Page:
Ryan, Boehner, Gingrich plan fundraising campaign to strengthen state GOP efforts

'The outcomes of these elections will have an everlasting impact on the future of our country,' Boehner said

The Republican State Leadership Committee (RSLC) announced Friday that three former House speakers are planning a fundraising campaign to maintain Republican control in influential states.

Paul Ryan, John Boehner and Newt Gingrich will lead the RSLC’s Speakers Advisory Council in a joint effort to strengthen Republican confidence and stop Democratic fundraising efforts from flipping seats in states like Pennsylvania, Florida, Texas and Virginia.

"If Republicans don’t win in the states next year, the keys to congressional majorities for the next 10 years will be in the hands of the same do-nothing Democrats that are there right now – it’s just that simple," Gingrich said in a statement. "Every Republican should be alarmed by what liberal billionaires have committed to spending on down-ballot races, and not just in states where Democrats traditionally win."

Gingrich called the new Democratic agenda a "socialist movement" and said the months leading up to 2020 will be "a critical moment for the Republican Party."

President Donald J. Trump (L) stands at the podium as U.S. Vice President Mike Pence (C) and Speaker of the House U.S. Rep. Paul Ryan (R-Wis.) (R) look on during his first State of the Union address Jan. 30, 2018.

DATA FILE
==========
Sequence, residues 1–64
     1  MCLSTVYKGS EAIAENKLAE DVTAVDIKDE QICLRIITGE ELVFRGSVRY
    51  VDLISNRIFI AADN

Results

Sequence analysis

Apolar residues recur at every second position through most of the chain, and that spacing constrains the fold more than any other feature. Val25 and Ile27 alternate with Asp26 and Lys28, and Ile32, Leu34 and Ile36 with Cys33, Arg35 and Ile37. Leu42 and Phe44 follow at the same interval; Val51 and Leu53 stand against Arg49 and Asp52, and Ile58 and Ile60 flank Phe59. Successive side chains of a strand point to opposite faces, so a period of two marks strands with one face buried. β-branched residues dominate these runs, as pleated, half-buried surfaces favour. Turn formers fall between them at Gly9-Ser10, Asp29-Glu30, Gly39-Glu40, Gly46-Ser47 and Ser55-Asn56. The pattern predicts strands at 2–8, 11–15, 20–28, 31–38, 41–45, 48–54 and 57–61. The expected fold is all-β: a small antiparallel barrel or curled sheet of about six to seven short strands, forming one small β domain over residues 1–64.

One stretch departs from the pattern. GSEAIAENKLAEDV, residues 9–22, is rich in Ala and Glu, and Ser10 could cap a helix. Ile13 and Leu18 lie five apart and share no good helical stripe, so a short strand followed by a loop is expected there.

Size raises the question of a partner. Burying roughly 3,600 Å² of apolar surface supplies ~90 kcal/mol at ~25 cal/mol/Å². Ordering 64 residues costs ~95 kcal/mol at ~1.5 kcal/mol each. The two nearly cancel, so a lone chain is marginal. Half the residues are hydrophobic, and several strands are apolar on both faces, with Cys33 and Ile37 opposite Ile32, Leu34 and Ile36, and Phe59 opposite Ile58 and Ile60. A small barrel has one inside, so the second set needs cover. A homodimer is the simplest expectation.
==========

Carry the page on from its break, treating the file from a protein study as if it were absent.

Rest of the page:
Democrats have significantly strengthened efforts to gain control of state seats after losing nearly 1,000 after former President Obama was elected in 2008.

Democrats won the governorship, a majority in the state senate and a majority in the statehouse  -- called a "trifecta" -- in 14 states after the 2019 elections. Republicans won 22 trifectas in 2019 but lost one after Matt Bevin's defeat in Kentucky, according to data from Ballotpedia.

A 136-seat swing in the House over the next decade could be determined by just 42 legislative seats, the RSLC reported.


Democrats have also made significant progress in terms of redistricting in what were once key Republican districts. Republicans have conceded that the threat of redistricting could put the party at risk of losing dozens of seats to Democrats in 2020 and the following decade.

"After getting beat badly in 2010 and facing the consequences for nearly a decade, Democrats are not just focusing on federal elections, but are prioritizing state legislatures as well," Ryan explained in a statement. "They are doing so for one reason: redistricting. The threat this poses to the conservative principles that guide our country, and the policies that keep our families safe, healthy, and working cannot be overstated."

Voters cast their ballots at a polling station in Richmond, Virginia, Tuesday, Nov. 5, 2019. (AP Photo/Steve Helber)

"This is as serious as a heart attack, and we’ve got to do everything we can to win it because this isn’t about one cycle. It’s about the next decade. And our success nationally as a party is going to depend on our success in these states this cycle,” Republican State Leadership Committee President Austin Chambers said in a September statement.

Chambers also told the publication that Republicans are less focused on statehouse elections than Democrats.


"President Obama and Eric Holder failed to transform America into a socialist utopia when they were in office, but they’ve clearly not given up just yet. They’ve recruited liberal billionaires, labor unions, and left-wing activist groups to join them in a coordinated program to rig our nation’s legislative boundaries in favor of Democrats," Boehner said in a statement.

"We have to stop them because the outcomes of these elections will have an ever-lasting impact on the future of our country. I served in the state legislature and understand the support our down-ballot candidates need," he added.